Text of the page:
Williams-Sonoma had a spectacular year—but the company says you ain’t seen nothing yet.
After the company announced its resoundingly positive fourth-quarter and fiscal year earnings yesterday, Wall Street was impressed enough to send its stock up about 20 percent in early next-day trading. Coming off a year when its online business exploded and it benefited greatly from the surge in the overall home furnishings business, the big specialty chain says it is poised to continue the home run with a number of advantages that will allow it to not only stay strong as the pandemic lessens, but also gain market share from weaker competitors.
Here are the top 10 reasons why Williams-Sonoma expects its recent strong performance—and to some extent that of the entire home furnishings sector—to continue through 2021 and into next year.
1. Demand is still surging
Home will remain the center of activities, even as people begin to venture out again as vaccination rates increase and we all feel better about being in public with others. Last year, the company’s kitchen and cookware unit was its fastest-growing nameplate, up nearly 24 percent overall. This year, CEO Laura Alber projects that the pent-up demand for home entertaining, especially during the summer months and then around the fourth-quarter holidays, will drive strong home product sales.
2. Supply chain slowdowns will soon abate
The current logjam in the supply chain—caused by COVID-related factory and port shutdowns and diminished capacities, as well as shortages in shipping containers—should begin to lessen in the back half of the year. That could create a new wave of business of delayed and postponed orders.
3. E-commerce is strong
Williams-Sonoma’s “digital-first but not digital-only” strategy positions the company to take advantage of shopping patterns going forward. For the fourth quarter of 2020, the company did 70 percent of its business online—a 47 percent increase in its e-commerce business, and a major shift from its more traditional 50-50 split between in-store and e-commerce. Its history as a direct-to-consumer brand gives it the capabilities to serve customers any way they want to shop.
4. Its product range is wide
The retailer’s recent assortment expansion—featuring more opening-price-point goods, seasonal decor, outdoor products in its West Elm division, and bath renovation products across multiple nameplates—has allowed it to grow its overall business beyond its traditional product mix.
5. Technology is boosting sales
The company’s AI initiatives have increased the sales rates at its brands, including Pottery Barn, PBKids and PBTeen, and its namesake kitchen unit. Shoppers who use its online artificial intelligence tools—including 3D modeling and view-in-room options—generally spend twice as much as those who don’t.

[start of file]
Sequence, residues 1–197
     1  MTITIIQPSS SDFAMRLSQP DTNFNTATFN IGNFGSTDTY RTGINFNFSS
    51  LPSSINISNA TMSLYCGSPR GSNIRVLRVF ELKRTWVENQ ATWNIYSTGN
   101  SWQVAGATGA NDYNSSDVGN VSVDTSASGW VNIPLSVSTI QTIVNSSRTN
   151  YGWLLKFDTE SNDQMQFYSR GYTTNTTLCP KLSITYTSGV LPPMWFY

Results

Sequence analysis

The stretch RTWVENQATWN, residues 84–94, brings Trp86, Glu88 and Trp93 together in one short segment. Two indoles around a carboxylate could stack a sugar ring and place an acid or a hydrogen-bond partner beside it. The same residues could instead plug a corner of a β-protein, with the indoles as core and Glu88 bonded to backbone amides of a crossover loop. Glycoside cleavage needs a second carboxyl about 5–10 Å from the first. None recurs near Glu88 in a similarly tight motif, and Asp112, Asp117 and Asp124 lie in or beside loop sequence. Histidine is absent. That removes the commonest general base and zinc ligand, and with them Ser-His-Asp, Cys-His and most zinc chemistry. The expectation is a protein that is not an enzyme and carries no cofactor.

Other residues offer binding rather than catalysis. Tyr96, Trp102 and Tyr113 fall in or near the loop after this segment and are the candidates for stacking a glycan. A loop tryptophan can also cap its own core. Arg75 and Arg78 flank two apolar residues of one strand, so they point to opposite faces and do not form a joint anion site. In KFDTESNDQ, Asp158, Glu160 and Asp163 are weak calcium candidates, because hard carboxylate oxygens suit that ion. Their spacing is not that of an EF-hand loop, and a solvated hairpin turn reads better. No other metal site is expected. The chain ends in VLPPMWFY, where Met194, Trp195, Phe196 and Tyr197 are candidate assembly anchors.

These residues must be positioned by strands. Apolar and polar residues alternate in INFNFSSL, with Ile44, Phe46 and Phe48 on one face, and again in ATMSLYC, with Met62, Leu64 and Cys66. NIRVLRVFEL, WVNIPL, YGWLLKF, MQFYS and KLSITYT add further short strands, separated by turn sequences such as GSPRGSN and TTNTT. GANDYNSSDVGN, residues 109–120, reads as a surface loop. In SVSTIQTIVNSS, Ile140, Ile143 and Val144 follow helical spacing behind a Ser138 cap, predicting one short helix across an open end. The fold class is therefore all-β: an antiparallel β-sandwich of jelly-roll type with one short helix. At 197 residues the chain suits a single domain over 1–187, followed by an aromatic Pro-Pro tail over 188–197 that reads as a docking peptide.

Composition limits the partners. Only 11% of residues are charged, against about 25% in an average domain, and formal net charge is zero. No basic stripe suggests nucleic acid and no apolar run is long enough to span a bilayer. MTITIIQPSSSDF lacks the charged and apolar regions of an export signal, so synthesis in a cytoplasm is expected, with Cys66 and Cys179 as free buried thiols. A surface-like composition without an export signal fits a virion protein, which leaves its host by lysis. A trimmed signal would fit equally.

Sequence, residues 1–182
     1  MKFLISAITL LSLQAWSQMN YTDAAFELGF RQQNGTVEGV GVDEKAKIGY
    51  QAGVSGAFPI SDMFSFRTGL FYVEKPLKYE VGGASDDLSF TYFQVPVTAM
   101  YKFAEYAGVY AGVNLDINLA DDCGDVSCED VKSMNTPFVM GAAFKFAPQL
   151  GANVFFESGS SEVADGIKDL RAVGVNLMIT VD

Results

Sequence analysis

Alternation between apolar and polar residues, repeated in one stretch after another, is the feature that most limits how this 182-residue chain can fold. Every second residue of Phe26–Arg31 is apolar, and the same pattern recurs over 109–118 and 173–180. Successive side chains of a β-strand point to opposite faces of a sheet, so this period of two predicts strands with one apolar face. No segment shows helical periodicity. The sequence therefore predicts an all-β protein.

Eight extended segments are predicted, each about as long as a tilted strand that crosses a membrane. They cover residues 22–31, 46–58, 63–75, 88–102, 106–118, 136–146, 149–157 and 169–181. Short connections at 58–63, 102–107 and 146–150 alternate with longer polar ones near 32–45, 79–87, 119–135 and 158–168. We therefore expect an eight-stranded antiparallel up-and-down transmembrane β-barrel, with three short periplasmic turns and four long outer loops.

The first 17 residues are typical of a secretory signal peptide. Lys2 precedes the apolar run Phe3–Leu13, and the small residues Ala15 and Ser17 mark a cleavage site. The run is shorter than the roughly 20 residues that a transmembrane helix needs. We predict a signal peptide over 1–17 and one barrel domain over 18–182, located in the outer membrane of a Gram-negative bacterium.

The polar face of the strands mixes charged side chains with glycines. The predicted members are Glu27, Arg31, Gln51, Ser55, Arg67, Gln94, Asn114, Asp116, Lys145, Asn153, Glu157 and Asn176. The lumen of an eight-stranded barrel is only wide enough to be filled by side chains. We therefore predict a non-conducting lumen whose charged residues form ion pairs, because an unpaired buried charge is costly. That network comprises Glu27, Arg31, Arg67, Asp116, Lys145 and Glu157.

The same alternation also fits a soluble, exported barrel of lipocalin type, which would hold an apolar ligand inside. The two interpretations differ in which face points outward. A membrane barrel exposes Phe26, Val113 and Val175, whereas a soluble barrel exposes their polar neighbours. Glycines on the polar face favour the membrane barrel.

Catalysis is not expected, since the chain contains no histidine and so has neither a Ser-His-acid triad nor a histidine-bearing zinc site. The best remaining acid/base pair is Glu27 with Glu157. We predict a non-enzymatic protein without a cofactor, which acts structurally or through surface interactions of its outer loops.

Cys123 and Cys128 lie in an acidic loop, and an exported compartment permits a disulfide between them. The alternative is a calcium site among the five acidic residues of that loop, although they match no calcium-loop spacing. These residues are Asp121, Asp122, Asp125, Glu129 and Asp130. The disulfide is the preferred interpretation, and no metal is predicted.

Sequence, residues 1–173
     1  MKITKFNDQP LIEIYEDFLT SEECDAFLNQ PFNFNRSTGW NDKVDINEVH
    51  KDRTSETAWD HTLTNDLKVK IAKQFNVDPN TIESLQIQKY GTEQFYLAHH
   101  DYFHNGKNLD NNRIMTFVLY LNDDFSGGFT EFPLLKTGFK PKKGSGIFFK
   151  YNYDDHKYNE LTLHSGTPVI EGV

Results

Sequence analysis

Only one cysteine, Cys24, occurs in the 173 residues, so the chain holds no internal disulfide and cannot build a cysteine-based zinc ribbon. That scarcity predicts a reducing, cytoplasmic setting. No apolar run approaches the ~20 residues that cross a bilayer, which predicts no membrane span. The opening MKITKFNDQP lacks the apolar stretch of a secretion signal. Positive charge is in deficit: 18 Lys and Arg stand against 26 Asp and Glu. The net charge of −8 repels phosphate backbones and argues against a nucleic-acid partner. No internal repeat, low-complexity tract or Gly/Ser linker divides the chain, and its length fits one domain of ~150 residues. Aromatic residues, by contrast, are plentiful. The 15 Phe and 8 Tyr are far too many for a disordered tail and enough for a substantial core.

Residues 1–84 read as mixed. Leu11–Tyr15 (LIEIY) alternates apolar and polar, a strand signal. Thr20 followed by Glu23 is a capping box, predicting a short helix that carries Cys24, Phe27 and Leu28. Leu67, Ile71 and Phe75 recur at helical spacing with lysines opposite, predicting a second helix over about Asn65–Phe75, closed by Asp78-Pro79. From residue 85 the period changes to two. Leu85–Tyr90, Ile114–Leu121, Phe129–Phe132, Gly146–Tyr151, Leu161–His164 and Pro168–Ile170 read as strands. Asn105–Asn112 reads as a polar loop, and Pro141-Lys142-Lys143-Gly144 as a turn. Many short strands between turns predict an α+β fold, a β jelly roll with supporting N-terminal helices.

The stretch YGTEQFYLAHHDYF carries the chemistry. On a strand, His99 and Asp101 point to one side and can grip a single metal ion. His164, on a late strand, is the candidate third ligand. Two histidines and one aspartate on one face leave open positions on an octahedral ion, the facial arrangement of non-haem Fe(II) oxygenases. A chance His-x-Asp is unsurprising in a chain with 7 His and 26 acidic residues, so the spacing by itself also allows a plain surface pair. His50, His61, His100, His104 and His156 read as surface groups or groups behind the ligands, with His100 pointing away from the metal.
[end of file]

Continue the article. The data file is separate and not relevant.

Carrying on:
6. In-house design services are in demand
An increased focus on design services is also resulting in more sales. About half of the company’s in-store business last year was generated by customers working with staff designers. Its virtual design service business is also growing, and improving the digital infrastructure around those services will get 85 percent of the company’s capital spending this year, up from 50 percent in 2020.
7. It’s meeting consumers wherever they are
Omnichannel-driven sales (where consumers used several platforms to shop and transact) were up 130 percent last year. Tools to facilitate omnichannel shopping (offerings like curbside pickup and “buy online, pick up in-store” services) have allowed the company’s stores to continue to play a big role in the business even as sales at physical stores declined about 7.6 percent in Q4 of 2020.
8. Third-party products are growing
Williams-Sonoma’s nascent “marketplace” business, where it sells third-party branded goods, only represents 4 percent of its overall revenue—though that’s still $6.78 billion. The company said that it expects to triple that figure over the next five years.
9. It’s got luxury products covered
Other growth areas include high-end luxury home furnishings (where it says it is “underrepresented” and sees “significant opportunities”); continued expansion overseas (where it expects to double revenue over the next five years, led by its West Elm brand); and continued emphasis on its exclusive designs and growing U.S. sourcing capabilities.
10. Leadership is confident
Even as the home business will remain strong, the company says it expects to gain market share. In announcing its fourth-quarter earnings, Alber painted a bright picture that she most certainly hoped would put skeptics to rest: “Looking ahead, we are very optimistic about our runway for growth and profitability. All of our brands are starting the year strong, and we expect this strength to continue through 2021 and beyond.”
Sounds like a grand slam for Williams-Sonoma.
Homepage image: The Lanarca outdoor furniture collection from the Williams-Sonoma Home summer 2021 e-catalog | Courtesy of Williams-Sonoma Inc.
Warren Shoulberg is the former editor in chief for several leading B2B publications. He has been a guest lecturer at the Columbia University Graduate School of Business; received honors from the International Furnishings and Design Association and the Fashion Institute of Technology; and been cited by The Wall Street Journal, The New York Times, The Washington Post, CNN and other media as a leading industry expert. His Retail Watch columns offer deep industry insights on major markets and product categories.